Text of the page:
Open Google Earth files Download these Google Earth KML files to explore tropical deforestation across the island of Sumatra from 1990-2000 in high resolution (up to 1:150,000 scale) with a bird's-eye view. These KMLs contain a map of protected areas (national parks, nature, wildlife, game reserves, and nature recreation centers) with statistics of loss, and logging roads from 1990-2000. For best color rendering in Google Earth, go to tools>options and untick "compress" in texture color.
Parks in Sumatra reduce deforestation to adjacent areas
We report that the establishment of protected areas on the Indonesian island of Sumatra may have helped reduce deforestation in adjacent unprotected areas. The results run counter to recent studies elsewhere that suggest the establishment of nature reserves attracts development projects and migrants to surrounding areas, undermining overall conservation efforts.
Analyzing nearly 100 LANDSAT satellite images (if you are interested in doing this too, make sure you have a good broadband connection) across Sumatra and the smaller island of Siberut from 1990 to 2000 and applying a statistical method known as "propensity score matching", we found that Sumatran protected areas have promoted protection, rather than deforestation, in adjacent unprotected land lying within 10 km of protected area boundaries.
Fig. 1. Sumatra's protected and unprotected forests in 1990 (left). Remaining forests in 2000, deforestation and logging trails occurring during the period 1990 until 2000 (right).
This result suggests that Sumatran PAs have not attracted migrants and development projects along their boundary. Instead, this study provides evidence for the presence of a 'beneficial neighborhood leakage' effect. It appears that reducing deforestation inside Sumatran protected areas has promoted protection to adjacent unprotected areas.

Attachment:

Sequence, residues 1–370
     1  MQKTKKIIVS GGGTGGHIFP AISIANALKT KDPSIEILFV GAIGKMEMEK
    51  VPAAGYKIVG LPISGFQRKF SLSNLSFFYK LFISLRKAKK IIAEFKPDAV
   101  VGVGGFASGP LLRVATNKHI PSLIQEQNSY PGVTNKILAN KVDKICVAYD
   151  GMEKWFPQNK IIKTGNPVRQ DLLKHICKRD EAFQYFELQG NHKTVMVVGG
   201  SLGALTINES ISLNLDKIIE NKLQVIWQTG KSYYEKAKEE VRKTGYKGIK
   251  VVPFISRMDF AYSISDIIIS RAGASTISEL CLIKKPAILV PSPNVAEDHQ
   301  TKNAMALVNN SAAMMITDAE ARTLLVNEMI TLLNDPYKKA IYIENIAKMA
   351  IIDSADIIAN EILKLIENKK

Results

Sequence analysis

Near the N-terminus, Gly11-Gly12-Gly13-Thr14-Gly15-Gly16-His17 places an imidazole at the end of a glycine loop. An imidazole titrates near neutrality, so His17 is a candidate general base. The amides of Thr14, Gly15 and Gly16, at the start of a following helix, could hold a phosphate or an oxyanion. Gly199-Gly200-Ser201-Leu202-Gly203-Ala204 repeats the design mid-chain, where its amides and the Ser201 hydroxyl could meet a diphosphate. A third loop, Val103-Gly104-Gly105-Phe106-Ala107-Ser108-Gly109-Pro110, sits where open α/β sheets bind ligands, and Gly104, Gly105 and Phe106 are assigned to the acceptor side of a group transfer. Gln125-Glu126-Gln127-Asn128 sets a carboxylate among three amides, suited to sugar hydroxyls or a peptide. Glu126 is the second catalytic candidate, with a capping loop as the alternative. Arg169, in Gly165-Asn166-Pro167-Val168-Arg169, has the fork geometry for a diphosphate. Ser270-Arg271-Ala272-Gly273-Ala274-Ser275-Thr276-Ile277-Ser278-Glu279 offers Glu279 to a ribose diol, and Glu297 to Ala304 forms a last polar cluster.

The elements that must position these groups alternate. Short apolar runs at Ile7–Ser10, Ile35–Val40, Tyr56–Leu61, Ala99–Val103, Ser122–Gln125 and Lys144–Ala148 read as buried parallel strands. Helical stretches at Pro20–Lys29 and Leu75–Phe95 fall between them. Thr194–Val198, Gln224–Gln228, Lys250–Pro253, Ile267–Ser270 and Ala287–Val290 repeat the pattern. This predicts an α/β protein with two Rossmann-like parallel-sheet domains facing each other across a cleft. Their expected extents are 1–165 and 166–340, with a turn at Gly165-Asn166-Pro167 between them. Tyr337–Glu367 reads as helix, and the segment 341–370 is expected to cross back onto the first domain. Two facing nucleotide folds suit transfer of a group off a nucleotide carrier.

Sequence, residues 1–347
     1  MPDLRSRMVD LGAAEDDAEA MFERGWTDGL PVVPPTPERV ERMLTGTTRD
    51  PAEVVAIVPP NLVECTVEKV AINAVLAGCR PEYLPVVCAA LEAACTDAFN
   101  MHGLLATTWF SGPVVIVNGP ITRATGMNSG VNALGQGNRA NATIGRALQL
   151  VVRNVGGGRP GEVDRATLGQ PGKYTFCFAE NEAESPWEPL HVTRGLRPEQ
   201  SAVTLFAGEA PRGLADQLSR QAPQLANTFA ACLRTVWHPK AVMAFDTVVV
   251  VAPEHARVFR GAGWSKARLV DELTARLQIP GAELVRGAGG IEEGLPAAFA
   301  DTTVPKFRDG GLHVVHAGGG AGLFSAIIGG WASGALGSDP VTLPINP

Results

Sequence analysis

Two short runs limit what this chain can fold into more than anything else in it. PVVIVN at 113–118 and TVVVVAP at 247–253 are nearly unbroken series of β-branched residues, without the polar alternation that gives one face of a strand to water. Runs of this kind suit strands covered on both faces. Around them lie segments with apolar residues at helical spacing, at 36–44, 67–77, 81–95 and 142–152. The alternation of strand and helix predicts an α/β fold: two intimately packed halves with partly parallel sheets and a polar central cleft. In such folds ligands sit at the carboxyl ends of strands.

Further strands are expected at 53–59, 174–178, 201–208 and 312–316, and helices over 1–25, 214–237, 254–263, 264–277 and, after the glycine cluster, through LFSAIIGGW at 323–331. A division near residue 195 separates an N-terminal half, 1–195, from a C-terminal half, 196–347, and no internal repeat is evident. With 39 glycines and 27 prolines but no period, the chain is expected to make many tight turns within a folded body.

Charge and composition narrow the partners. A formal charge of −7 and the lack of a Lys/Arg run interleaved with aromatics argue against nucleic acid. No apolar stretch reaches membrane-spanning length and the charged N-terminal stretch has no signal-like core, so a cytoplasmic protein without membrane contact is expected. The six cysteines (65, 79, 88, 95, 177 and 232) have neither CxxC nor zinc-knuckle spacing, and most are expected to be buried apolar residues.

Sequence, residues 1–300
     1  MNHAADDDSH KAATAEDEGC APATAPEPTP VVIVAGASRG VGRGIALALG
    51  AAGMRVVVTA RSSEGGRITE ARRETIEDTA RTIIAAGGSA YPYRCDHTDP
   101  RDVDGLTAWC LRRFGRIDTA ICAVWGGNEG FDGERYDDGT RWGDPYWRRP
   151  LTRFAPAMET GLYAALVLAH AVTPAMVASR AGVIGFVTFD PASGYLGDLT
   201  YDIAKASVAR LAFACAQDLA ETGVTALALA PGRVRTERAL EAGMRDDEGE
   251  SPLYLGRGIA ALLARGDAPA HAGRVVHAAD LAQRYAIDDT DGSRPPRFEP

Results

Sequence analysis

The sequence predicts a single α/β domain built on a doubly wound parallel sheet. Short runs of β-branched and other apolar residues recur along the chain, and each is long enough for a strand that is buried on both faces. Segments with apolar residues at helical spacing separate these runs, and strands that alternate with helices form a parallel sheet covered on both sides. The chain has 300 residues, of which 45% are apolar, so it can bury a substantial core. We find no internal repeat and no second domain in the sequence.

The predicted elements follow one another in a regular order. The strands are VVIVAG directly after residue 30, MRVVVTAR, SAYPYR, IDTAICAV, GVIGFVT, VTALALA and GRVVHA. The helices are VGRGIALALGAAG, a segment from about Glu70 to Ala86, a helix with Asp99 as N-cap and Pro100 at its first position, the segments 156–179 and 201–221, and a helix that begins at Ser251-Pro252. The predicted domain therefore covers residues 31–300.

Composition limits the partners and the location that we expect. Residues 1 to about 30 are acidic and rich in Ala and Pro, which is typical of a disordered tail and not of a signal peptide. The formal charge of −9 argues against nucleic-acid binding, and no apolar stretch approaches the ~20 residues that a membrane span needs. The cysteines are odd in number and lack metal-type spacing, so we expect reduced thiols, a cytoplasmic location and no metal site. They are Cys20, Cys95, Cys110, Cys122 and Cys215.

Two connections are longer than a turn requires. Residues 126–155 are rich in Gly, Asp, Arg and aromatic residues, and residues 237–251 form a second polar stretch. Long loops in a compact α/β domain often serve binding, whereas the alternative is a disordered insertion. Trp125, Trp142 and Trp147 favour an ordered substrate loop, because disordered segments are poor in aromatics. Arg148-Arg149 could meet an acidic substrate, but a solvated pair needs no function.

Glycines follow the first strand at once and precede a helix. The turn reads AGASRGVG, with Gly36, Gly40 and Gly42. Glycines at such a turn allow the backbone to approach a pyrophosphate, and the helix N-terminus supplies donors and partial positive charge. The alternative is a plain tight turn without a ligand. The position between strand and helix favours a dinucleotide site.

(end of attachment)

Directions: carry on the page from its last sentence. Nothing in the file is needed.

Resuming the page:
Whether Sumatran protected areas extend their conservation influence beyond their boundary may prove controversial, because enhanced law enforcement and ecotourism activities on private lands around protected areas are not well developed on the island of Sumatra. The unexpected presence of a beneficial leakage effect that conserves forests adjacent to protected areas may be explained by an island-wide decreasing population growth effect near Sumatran protected areas as human population moves closer to urban centers.
The success of protected areas in reducing deforestation is tempered by the continued loss of forest in Sumatra. Between 1990 and 2000 Sumatra lost at least 50,078 square kilometers of forest, 25.6 percent of its forest cover, while 49,020 kilometers of logging roads had been built in remaining forest areas. More than 35 percent of the Sumatran protected set aside to conserve biodiversity had experienced severe rates of forest loss (> 1% year) and 60% had been encroached by mechanized logging operations (Table 1).
The real question for policy makers is not whether tropical PAs have lower rates of deforestation than unprotected areas, but rather whether the long-term viability of tropical forests has been secured by establishing protected areas.
The long-term viability of Sumatran forests remains open to questions.
Table 1. Statistics for losses in forest cover and logging from 1990 to 2000,
*protected areas created after 2000
(WR) Wildlife Reserve; (NR) Nature Reserve; (NP) National Park; (GR) Game Reserve; (NRP) Nature Recreation Park; (EC) Elephant Centre.
Gaveau D.L.A, Epting J., Lyne O., Linkie M., Kumara I., Kanninen M., Leader-Williams N. 2009 Evaluating whether protected areas reduce tropical deforestation in Sumatra. Journal of Biogeography 36 2165-2175.
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